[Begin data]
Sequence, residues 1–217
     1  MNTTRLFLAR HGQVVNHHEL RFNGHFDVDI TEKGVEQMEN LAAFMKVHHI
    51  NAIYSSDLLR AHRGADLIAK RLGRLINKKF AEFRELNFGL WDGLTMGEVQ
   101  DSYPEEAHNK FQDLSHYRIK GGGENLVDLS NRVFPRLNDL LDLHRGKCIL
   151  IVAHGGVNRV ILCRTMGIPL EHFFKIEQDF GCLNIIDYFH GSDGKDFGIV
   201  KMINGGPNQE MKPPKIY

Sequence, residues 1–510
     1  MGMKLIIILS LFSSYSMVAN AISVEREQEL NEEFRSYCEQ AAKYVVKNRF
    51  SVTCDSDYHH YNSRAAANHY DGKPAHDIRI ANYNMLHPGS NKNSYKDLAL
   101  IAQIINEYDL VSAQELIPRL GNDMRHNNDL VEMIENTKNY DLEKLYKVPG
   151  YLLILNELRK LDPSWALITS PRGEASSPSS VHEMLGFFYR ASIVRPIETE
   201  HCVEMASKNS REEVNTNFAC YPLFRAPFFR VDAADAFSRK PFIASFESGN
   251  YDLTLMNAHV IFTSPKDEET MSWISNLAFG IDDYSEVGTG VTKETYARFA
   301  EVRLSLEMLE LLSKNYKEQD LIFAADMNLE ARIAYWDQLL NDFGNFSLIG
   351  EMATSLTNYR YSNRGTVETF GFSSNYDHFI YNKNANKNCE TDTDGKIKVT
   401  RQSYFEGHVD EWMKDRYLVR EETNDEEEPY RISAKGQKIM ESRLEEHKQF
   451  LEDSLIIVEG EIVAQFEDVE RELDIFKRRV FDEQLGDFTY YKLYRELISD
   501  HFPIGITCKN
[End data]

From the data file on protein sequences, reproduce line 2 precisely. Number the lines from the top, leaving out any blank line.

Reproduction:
     1  MNTTRLFLAR HGQVVNHHEL RFNGHFDVDI TEKGVEQMEN LAAFMKVHHI